Pokens - and the Winner is?

A while ago I initiated a competition to win a Poken. The competition was followed up with a nice video, and today I announce the winners. The competition was simple, but I was a bit disappointed with the level of interest. Many people thought they could just get away with a simple retweet, but that was really not enough. For that reason I've reduced the number of winners to 3, because they really put some effort in the competition.
1. Eric van der Palen, the first to retweet and was very innovative by using Hyves to spread the message.
2. Sjoerd Blauw, the first outside my direct network to retweet... Well done!
3. AndrĂ© van de Graaf, wrote a nice blog post about the experiment.

All well done... if the winners send me a Twitter Direct message with their shipping details, I will make sure you receive your Poken as soon as possible

Exact GLC Munich - Impression

The Exact Leader Convention in Munich has ended yesterday. By now most people have or are returning back to their homes. It was a very inspiring, exhausting and rewarding event. It was not only listening, but also a lot of hard work. I also did my contribution by hosting a brainstorm on the contribution of the product organization to the customer experience. Below you see some of the pictures to give you an idea.

Banner
Banner in the lobby of the Hotel

Relaxed brainstorming
one group in relaxed couches

More groups
2 more groups...

Multiple regions
the last group

Brainstorm results
... and the all the results..

See you all at the next GLC in 2010

Exact Global Leadership Convention (GLC)

Exact's leaders will gather in the Bavarian capital from 18-22 February and continue to work hard on making Exact great. I'm excited to be part of this team and look forward to the event. I also realise that you, my reader, is also interested in what is happening. Today I already noticed Google Search queries with 'Exact Software GLC' pointing to this blog, proving the interest.

During the convention I will try to report back, but it's a very busy period and I will respect the guideline for disclosure and reporting. Join me on twitter and use the #glc hashtag. Below you can also follow the latest tweets on the topic.

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The Real True Value of Software as a Service (SaaS)

While working on a presentation on communities, social computing and how important the role of Software as a Service is I realized that the current view on SaaS is far to limited.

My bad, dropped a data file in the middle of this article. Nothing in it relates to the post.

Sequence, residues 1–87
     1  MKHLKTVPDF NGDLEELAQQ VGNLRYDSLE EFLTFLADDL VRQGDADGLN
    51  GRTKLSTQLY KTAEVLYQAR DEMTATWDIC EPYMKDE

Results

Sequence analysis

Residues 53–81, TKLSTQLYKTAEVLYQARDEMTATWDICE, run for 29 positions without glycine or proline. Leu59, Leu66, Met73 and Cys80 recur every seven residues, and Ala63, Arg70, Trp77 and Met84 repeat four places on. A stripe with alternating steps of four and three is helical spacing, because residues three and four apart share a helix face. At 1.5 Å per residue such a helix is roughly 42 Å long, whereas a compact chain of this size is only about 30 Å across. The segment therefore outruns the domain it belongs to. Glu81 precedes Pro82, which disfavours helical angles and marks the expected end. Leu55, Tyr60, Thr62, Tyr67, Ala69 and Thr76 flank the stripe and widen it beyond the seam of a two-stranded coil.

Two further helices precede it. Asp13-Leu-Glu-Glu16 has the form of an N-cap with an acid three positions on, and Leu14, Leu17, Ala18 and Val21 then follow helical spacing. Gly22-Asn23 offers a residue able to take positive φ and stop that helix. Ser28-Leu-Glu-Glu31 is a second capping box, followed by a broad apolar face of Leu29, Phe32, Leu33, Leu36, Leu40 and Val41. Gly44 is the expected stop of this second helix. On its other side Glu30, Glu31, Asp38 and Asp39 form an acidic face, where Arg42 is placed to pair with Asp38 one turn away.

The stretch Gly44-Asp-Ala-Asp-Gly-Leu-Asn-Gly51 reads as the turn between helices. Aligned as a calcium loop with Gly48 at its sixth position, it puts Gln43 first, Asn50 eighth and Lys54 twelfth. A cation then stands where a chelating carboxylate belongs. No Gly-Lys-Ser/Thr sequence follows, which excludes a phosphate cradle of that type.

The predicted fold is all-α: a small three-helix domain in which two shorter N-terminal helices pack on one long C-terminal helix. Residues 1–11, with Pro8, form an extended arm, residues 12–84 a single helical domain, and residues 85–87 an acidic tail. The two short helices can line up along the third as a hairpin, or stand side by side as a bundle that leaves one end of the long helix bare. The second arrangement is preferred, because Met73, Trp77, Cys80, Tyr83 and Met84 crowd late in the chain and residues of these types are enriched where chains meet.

Image credit: Joan M. Mas 

If you read the media everybody talks about Software as a Service and the current economic situation might accelerate the adoption of SaaS. In the discussions mainly focus around the economics, reduction of cost of ownership, CapEx versus OpEx, etc. I'm not an accountant and look different towards the whole evolution of Cloud computing and Software as a Service. It's all about scale! 

When we are doing business we collaborate and communicate with other people, both in our own organization as well as in other organizations. Infrastructures like phone, email and IM have increased the communication capabilities between people in different organization. IT infrastructures have optimized business processes within organizations, but a limited number of business processes are automated and optimized between organizations. Up until today the cost of integrating business processes between different IT systems is very high, and only economically available for larger organizations dealing with huge number of transactions. This is where Cloud computing, Software as a Service or whatever you want to call it comes in, it's creating scale, it's driving the commoditization of IT. This will make new ways to communicate, collaborate and integration of business processes available for a much larger group of companies. Companies adopting Software as a Service solutions can now share the same infrastructure, enabling then to add value in their communication and collaboration with other companies.

Cloud computing, Software as a Service, etc.. is all about adding value, not about new delivery models!

Do you poken - Update